1x Poorboys DAS6 Pro with Megs pads and 105/205 compounds on the way! Chucked in a block of Bilt Hamber Soft clay as well, found the medium a bit tough to use a few weeks ago!

Now off to Youtube I go to study techniques!
 

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Fair enough!

1x Poorboys DAS6 Pro with Megs pads and 105/205 compounds on the way! Chucked in a block of Bilt Hamber Soft clay as well, found the medium a bit tough to use a few weeks ago!

Now off to Youtube I go to study techniques!
I use the medium in the summer and the soft in the winter as the ambient temperature has an effect on how malleable the clay is. Alternatively you can soak the clay in hit water after each panel.

As for instructional videos, Junkman2000 on YouTube has a series of beginners videos and the machine polishing one is very good, you'll learn a lot from them.
 

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Discussion Starter #12
Just finished the 72k service under the bonnet, so I'm settling in for the afternoon with his playlist on :thumbs:
 

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I've found it surprising what improvement can be made to quite bad scuffs, especially by wet-sanding with 2000 grit and 3000 grit Abralon (foam/nylon fabric abrasive pads) before the polishing stage. If the scratches snag a fingernail, then in my opinion sanding is needed - otherwise you'll just polish the grooves rather than smoothing them. If the scratches are down to the primer or plastic, I fill them with touch-up paint before wet sanding (obvious but just thought I'd clarify).

It does take careful judgement and practice to know how much sanding you can do, and Tommy was right to recommend against it until you've had chance to practice.

But it is certainly helpful in some cases, particularly to remove any material (other paint, plastic, etc) that's been transferred onto the surface. If you do a very little bit of wet sanding (soapy water) and then wipe the surface dry, you can see the untouched shiny areas and the areas that are now dulled. Remaining scratches will be more obvious, so you can see your progress.

I know there is a risk of messing it up. But I think the way to look at it is that it needs a respray to be perfect again, so as long as you make a noticeable improvement, you have succeeded.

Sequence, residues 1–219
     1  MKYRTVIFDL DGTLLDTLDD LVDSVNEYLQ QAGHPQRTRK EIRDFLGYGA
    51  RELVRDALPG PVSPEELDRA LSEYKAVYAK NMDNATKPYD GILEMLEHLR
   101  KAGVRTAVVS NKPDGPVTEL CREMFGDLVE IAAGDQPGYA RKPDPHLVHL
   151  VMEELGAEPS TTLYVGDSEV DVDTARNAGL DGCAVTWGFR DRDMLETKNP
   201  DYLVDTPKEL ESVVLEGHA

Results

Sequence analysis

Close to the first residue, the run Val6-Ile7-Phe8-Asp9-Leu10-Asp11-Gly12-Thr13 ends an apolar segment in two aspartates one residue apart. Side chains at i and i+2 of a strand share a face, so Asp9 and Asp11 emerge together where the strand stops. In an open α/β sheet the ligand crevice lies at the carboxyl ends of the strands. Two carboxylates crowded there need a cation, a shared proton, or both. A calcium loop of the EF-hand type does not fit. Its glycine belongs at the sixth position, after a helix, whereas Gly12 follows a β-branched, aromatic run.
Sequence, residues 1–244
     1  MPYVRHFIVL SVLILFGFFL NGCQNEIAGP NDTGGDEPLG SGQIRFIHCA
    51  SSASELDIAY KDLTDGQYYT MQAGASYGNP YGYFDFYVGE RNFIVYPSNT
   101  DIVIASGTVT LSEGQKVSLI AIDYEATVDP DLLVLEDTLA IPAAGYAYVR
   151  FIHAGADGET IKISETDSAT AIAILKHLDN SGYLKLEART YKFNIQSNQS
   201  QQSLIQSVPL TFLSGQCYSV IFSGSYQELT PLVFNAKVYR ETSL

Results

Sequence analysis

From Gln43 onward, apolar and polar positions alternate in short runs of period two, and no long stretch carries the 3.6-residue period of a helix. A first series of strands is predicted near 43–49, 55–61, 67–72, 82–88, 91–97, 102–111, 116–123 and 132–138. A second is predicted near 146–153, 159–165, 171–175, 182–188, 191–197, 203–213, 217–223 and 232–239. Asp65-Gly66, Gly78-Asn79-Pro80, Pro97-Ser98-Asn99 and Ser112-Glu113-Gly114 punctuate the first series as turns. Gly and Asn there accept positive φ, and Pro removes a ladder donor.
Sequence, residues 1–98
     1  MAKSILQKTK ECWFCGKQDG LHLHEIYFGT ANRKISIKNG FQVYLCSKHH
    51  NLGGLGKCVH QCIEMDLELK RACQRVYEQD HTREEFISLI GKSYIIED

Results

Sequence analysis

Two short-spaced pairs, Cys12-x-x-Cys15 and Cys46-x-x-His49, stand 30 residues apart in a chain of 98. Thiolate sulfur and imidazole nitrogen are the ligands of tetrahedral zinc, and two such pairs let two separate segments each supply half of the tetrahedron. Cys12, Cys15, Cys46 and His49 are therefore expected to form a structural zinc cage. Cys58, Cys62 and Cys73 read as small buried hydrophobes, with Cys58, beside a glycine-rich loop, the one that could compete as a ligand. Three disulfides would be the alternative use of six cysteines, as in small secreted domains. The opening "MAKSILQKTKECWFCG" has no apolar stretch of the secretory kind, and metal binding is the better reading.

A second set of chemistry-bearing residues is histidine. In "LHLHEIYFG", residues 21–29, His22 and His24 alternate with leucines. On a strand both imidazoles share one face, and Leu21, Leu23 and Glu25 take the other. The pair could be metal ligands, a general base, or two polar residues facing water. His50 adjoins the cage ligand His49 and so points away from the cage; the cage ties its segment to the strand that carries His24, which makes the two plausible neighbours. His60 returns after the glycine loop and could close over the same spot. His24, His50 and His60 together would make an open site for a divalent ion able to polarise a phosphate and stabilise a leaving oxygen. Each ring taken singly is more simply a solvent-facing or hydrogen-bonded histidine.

I use a DAS6 as well. It's essential to use a silicone-free polishing compound so that you can see when you've achieved a genuine shine (rather than a silicone shine that will soon fade in a few days and leave a dull patch). My favourite is Chemical Guys V36 (from the US). It's a diminishing abrasives compound, easy to clean up and finishes well from as low as 1500 grit, though much faster from 3000. A European favourite of mine is Mirka T10, though it is a tad coarser and needs Mirka F05 to finish (the V36 is capable of replacing both).

Maybe the reason I wet-sand first is because I have a 'tame' compound and a DA machine, which I know doesn't remove much material (just puts a shine on what is there). That's safer than using a rotary machine with a coarser compound (to get out the scratches) and potentially burning through the paint where you weren't even trying to polish, which is what used to happen in some of my early disasters... I would never use a rotary for any detail work now - only perhaps for a van roof or some other big area. DAs are wonderfully controllable in comparison.

-Alex
 

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I really like the Megs microfibre pads but the hexlogic pads are fine for soft paint like that used on Alfa's.
Amazingly, those are the two types of pad that I use... Orange hex-logic and the Meguiars white microfibre pad with the thinner, dark red foam backing. I know there are loads of options out there and I've tried many of them, so I think it's funny (and highly encouraging) that we've arrived at the same products, particularly as we're on opposite sides of the world.

I have to order this stuff online from a supplier elsewhere in the country, as local shops sell only ridiculous laced-on sheepskin bonnets and the like :devious:

-Alex
 

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Discussion Starter #15
I've found it surprising what improvement can be made to quite bad scuffs, especially by wet-sanding with 2000 grit and 3000 grit Abralon (foam/nylon fabric abrasive pads) before the polishing stage. If the scratches snag a fingernail, then in my opinion sanding is needed - otherwise you'll just polish the grooves rather than smoothing them. If the scratches are down to the primer or plastic, I fill them with touch-up paint before wet sanding (obvious but just thought I'd clarify).

It does take careful judgement and practice to know how much sanding you can do, and Tommy was right to recommend against it until you've had chance to practice.

But it is certainly helpful in some cases, particularly to remove any material (other paint, plastic, etc) that's been transferred onto the surface. If you do a very little bit of wet sanding (soapy water) and then wipe the surface dry, you can see the untouched shiny areas and the areas that are now dulled. Remaining scratches will be more obvious, so you can see your progress.